In America, the words "I'm starving" are understood to be a mere turn of phrase. Not so in developing countries around the world, where about 29,000 children die daily from hunger and preventable diseases.
Two groups of Lawrence youths will soon learn firsthand what it means to feel truly hungry when they participate in a fund-raiser to help feed impoverished families and children for whom the threat of starvation is a reality.
Junior high and high school youth group members of Lawrence Free Methodist Church, 3001 Lawrence Ave., and First Christian Church, 1000 Ky., will join thousands of groups in 21 countries -- half a million teenagers in America alone -- taking part in World Vision's 13th annual 30 Hour Famine.
Youth group members are raising money through donors and sponsors to help millions of starving and hurting children in some of the world's poorest countries.
The groups then will undertake a 30-hour, adult-supervised fast (consuming only water or juice) to understand what hunger is like.
During the fast, the teenagers will engage in different activities, such as community service projects, volunteer work or study, depending on how each group plans its own events.
Afterward, the money raised will be sent to World Vision, a Christian relief and development organization, and then put to use in areas such as Kenya, Sudan or the United States.
Last year's 30 Hour Famine raised $11.4 million, and this year's goal is $13.5 million.
The National Famine Date set by World Vision is Friday and Feb. 26, but groups can raise funds and fast anytime.
Youth group members from First Christian will participate in the 30 Hour Famine Sunday and Monday.
Youths from Lawrence Free Methodist Church will have their fast on the National Famine Date.
Katie Heacock, 17, a senior at Free State High School, has taken part in the fund-raiser four times.
"I love raising money for people. It's this wonderful feeling of accomplishment," says Katie, a member of Lawrence Free Methodist Church. "I like to work for things that don't benefit me personally."
For last year's 30 Hour Famine, she raised $1,000 -- $180 of which came out of her own pocket.
Her goal this year is more ambitious. She has pledged to raise $1,800 and plans to contribute $360 of that amount from her savings.
"It gives you more desire to be involved in missions," Katie says. "You start to put yourself and the world in perspective. It becomes apparent how much the typical American has compared to the rest of the world."
|29,000Children who die each day from preventable diseases such as malnutrition, malaria, diarrhea and acute respiratory infections852 millionPeople in the world who are malnourished153 millionChildren under age 5 who are malnourished1 in 10Children in developing countries who die before turning 51 in 165Children in the United States who die before turning 5400 millionPeople who have died from hunger and poor sanitation in the past 50 years -- three times the number of people killed in all the wars fought in the 20th centurySource: World Vision|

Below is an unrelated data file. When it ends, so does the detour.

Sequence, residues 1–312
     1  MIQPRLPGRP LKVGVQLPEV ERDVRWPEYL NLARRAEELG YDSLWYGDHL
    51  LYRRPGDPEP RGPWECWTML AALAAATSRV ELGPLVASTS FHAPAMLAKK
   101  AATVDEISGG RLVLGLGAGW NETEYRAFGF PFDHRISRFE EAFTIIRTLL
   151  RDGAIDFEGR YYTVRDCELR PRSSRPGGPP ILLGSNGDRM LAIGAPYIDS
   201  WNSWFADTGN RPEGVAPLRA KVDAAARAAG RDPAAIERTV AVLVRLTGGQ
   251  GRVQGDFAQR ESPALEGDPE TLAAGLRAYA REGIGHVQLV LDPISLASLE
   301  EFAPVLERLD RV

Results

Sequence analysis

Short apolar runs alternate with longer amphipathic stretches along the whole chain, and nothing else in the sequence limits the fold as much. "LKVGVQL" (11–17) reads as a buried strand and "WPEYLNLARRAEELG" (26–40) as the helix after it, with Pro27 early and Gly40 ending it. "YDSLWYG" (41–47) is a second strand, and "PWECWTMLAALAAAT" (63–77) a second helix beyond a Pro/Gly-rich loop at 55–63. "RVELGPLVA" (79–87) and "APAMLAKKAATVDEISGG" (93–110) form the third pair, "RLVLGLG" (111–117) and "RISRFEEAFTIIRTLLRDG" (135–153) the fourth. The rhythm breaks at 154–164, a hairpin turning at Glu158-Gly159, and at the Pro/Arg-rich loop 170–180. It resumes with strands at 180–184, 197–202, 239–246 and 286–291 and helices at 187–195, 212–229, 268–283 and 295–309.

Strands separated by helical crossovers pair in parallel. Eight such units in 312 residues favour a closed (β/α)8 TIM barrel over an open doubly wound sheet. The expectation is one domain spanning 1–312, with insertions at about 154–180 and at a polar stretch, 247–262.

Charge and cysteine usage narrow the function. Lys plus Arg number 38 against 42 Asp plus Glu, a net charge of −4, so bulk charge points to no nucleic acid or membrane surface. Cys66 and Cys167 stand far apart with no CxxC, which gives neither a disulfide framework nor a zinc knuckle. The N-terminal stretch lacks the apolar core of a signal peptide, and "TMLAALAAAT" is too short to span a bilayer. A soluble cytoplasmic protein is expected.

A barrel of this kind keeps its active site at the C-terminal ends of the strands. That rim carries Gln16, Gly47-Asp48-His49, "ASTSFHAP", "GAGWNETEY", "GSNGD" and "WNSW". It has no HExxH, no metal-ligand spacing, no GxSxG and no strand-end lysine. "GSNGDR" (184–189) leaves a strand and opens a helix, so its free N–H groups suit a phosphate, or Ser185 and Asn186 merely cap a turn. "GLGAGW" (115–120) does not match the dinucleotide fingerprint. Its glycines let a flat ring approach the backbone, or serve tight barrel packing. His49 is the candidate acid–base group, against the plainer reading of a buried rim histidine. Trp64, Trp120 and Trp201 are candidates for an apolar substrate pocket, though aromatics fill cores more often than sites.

Last year, youth group members at Katie's church raised $4,000 for World Vision. This year, the goal of the 20 to 25 young people is to raise even more: $6,000.
Carolyn Heacock, Katie's mother, served as Lawrence Free Methodist's pastor of student ministries for six years, supervising the 30 Hour Famine project for five of them.
"It's been one of the most important things that we've done with our kids to get them to look outside themselves and have a heart for needy people around the world," says Carolyn, now pastor of children's ministries.
"I am matching whatever they put in of their own money. I've been saving for a year. I believe in this, I believe in them learning to give sacrificially, and this is a motivator for them to do that."
Major turning point
Nick Prather, pastor of student ministry at First Christian Church, wanted to introduce his youth group to the 30 Hour Famine project because it's an activity he personally had benefited from.
Prather, 24, participated in the fund-raiser while a student at Medicine Lodge High School. He graduated in 1998.
"It was the first time I'd ever really considered the impact of hunger on a person's life. I didn't have a very broad perspective, and that was the first time my eyes were opened to the needs of other cultures and countries who experience famine on a day-to-day basis," he says.
"It was one of the turning points of my life. As a student, I hadn't realized how luxurious of a life I lived. Until you have that world perspective, kids can act as if the world revolves around them."
Leslie Beeman, 18, a senior at Lawrence High School, will be participating this weekend in 30 Hour Famine for the first time.
Leslie, a member of First Christian's youth group, is trying to raise $350 for the effort.
She views the fund-raiser as a time to focus on God and those who are less fortunate than she.
"Something like 29,000 kids die every day (from hunger and preventable diseases). I love kids, and I can't stand seeing that. I'm going to do what I can to help change it," Leslie says.